Asparagus is an excellent source of vitamin K, as well as numerous B vitamins, including folate, B1, B2, B3, and B6. It’s also high in vitamins A and C, iron, manganese, potassium, and fibre. Quinoa and other whole grains are a rich source of magnesium, a mineral that acts as a cofactor for more than 300 enzymes including those involved in insulin secretion and glucose metabolism. Spring garlic scapes are the flower stalks that spring out of the garlic bulb. They’re rich in allum, which can help protect against osteoarthritis.
1 tsp (5 mL) extra-virgin olive oil
1 cup (250 mL) diced onion
3 spring garlic scapes (stalks), chopped
1 cup (250 mL) quinoa
1⁄4 cup (60 mL) unpasteurized apple cider vinegar
2 cups (500 mL) chicken or vegetable stock
1⁄2 tsp (2.5 mL) grey sea salt or pink rock salt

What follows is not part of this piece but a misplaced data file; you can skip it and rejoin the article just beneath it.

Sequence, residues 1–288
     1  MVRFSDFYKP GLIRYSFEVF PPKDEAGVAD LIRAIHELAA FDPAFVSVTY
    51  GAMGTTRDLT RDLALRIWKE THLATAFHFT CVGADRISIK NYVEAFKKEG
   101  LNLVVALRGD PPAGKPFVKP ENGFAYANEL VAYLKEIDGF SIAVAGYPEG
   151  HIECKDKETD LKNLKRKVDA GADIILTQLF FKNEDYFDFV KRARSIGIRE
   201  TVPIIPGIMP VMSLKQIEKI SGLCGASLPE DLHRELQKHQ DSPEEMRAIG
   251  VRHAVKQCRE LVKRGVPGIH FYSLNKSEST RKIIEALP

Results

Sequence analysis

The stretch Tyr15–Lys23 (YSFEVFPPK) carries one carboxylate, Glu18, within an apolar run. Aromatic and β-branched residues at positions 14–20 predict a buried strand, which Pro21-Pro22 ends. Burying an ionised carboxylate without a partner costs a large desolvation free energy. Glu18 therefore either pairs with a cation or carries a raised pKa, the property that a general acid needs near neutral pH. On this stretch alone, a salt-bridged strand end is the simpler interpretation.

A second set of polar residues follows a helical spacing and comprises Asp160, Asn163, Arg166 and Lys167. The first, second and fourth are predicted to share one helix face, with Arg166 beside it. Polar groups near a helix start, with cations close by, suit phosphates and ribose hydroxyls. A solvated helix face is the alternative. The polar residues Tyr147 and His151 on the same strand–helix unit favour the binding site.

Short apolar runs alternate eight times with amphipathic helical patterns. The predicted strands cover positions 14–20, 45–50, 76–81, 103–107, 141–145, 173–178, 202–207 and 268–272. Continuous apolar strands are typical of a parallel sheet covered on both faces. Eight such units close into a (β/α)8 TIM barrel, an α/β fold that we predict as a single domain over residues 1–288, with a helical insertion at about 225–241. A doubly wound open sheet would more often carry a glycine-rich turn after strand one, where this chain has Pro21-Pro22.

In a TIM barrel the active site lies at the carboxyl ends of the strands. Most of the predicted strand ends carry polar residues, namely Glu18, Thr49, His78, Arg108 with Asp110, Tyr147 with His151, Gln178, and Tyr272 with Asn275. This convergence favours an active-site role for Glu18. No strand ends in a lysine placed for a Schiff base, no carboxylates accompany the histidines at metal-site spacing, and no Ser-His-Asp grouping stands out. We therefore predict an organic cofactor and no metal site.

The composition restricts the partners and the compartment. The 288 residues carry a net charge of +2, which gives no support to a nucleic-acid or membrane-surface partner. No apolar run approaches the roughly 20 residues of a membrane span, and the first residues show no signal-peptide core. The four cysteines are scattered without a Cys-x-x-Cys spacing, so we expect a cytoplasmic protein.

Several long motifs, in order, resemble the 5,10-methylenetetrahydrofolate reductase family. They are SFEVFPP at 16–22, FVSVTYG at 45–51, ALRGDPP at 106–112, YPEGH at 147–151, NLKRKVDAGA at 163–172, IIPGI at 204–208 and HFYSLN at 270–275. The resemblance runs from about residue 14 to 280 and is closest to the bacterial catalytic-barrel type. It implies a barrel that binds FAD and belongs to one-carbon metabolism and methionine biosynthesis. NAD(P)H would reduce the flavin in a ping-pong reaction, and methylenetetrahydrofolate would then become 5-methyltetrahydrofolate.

1⁄4 cup (60 mL) canned pure´ed squash or pumpkin
12 asparagus spears, chopped 1⁄4 bunch parsley, chopped
5 basil leaves, chopped
1⁄4 bunch chives, chopped
5 green onions, chopped (garnish)
1. Add olive oil, onions and spring garlic into a small, shallow pot. Spritz liberally with filtered water or broth to ensure the oil doesn’t overheat. Saute´ on medium-low until translucent, approximately 2 minutes.
2. Stir in quinoa, coating it with the oil. Turn heat to medium-high and add apple cider vinegar to the pot, stirring constantly.
3. Once the vinegar has evaporated, add stock and salt. Cover and bring to a simmer, cooking on low for approximately 10 minutes, and stirring occasionally.
4. Add asparagus spears and simmer for another 5 minutes.
5. When quinoa is cooked add squash pure´e and fresh herbs.
6. Garnish with green onion and serve immediately.
Makes 6 servings
Excerpted from Meals that Heal Inflammation Copyright © 2011 by Julie Daniluk. Published by Random House of Canada Limited. Reproduced by arrangement with the Publisher. All rights reserved.